Raees shows Shah Rukh Khan has come full circle in modelling his career on Amitabh Bachchan's
Look closely and you will see that Shah Rukh Khan's Raees Alam is a hat tip to Amitabh Bachchan's Sikandar from Muqaddar Ka Sikandar, the gait an acknowledgment of Vijay's from Deewar and Trishul, the ethos a salute to Kaalia and Agneepath
Imitation may be the sincerest form of flattery but like George Bernard Shaw observed, it also is the sincerest form of learning.
With the release of Raees, a film that is also a throwback to the larger-than-life hero versus villain Hindi films of the 1970s and 1980s, Shah Rukh Khan may have come a full circle in modeling his career on the lines of Amitabh Bachchan. The imagery of Raaes and also the film’s narrative have evoked memories of the standard Salim-Javed, Kader Khan, Prayag Raj, and Satish Bhatnagar scripts that came to define popular Hindi films. Moreover, the unapologetic in-your-face juxtaposition of the character that Khan played with the ones that Bachchan portrayed in these films is a near declaration on Shah Rukh Khan’s part that he has finally embraced the ‘Angry Young Man’ facet of Bachchan’s filmography.
Right from Shah Rukh Khan’s entry in Raees on a motorcycle that rekindles the memories of a 70s’ hero emerging on the screen to the manner in which his character is fashioned — everything is a reprisal of the archetypal Hindi filmy hero. Look closely and you will see that the name ‘Raees’ is a hat tip to Sikandar from Muqaddar Ka Sikandar, the gait an acknowledgment of Vijay's from Deewar and Trishul, the ethos a salute to Kaalia and Agneepath.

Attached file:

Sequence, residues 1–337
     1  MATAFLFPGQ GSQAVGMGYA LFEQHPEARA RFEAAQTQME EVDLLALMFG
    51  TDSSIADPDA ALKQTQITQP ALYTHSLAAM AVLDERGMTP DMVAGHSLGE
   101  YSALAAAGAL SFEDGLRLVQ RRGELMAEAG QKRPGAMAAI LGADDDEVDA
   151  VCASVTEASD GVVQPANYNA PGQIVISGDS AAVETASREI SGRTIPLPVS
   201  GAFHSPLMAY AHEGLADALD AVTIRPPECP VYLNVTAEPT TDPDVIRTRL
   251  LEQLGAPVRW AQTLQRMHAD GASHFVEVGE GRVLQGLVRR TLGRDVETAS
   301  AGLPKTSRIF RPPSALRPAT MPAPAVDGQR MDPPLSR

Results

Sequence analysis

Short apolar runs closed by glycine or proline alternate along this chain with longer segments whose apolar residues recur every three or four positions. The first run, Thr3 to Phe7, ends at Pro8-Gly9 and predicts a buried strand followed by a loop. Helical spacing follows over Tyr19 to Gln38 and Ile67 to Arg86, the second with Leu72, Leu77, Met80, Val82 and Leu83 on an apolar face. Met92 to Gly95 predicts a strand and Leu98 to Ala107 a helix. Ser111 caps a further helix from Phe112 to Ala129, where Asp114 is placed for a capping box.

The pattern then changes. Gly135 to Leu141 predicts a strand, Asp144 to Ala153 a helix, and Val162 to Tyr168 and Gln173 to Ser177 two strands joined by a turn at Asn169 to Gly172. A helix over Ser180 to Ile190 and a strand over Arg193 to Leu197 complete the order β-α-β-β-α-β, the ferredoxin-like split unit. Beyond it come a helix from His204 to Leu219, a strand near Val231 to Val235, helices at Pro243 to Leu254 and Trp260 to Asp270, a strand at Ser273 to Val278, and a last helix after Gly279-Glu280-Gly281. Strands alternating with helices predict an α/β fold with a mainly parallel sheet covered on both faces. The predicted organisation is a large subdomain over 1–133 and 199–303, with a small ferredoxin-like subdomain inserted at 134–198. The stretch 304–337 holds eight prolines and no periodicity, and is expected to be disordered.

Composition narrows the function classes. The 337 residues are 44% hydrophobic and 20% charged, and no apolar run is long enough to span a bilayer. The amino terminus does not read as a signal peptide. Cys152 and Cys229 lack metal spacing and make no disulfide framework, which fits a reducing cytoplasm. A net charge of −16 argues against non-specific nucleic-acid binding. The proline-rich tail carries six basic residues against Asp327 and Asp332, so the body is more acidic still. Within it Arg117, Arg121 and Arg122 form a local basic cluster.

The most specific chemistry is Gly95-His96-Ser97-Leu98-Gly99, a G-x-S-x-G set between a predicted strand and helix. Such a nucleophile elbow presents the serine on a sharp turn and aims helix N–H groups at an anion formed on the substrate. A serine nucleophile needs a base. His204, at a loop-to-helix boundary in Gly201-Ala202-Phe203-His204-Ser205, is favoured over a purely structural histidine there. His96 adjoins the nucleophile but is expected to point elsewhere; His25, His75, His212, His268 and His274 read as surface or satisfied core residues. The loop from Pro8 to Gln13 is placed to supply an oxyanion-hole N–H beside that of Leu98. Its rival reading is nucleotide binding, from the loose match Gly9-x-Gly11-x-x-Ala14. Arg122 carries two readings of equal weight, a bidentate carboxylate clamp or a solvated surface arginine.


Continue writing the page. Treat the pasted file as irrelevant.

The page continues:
If there were any doubts about this concurrence then the scene in the Raees where Raees Alam (Khan) bashes an insensitive businessman ends the argument: Raees beating a factory owner for not paying the wages in a drive-in is intercut with images from Kaala Patthar on the screen where Vijay (Bachchan) is doing the same to Dhanraj Puri (Prem Chopra), the cold-hearted coal mine owner. There is barely any difference between the moods of both scenes too and this single scene in many ways sums up the overt affinity that Raees has with the classical Amitabh Bachchan-esque character.
For the last few years, there has been a conscious effort to revive the typical Hindi film hero that existed a quarter of a century ago. Since Dabangg every top-notch star has been seeking to invent a character that is a reversion of that — Aamir Khan (Ghajini), Akshay Kumar (Rowdy Rathore), Ajay Devgn (Singham, Action Jackson), Hrithik Roshan (Agneepath), Ranbir Kapoor (Besharam), Ranveer Singh (Gunday) and it was only a matter of time before someone went into full retro mode to explore the concept beyond just the leading man.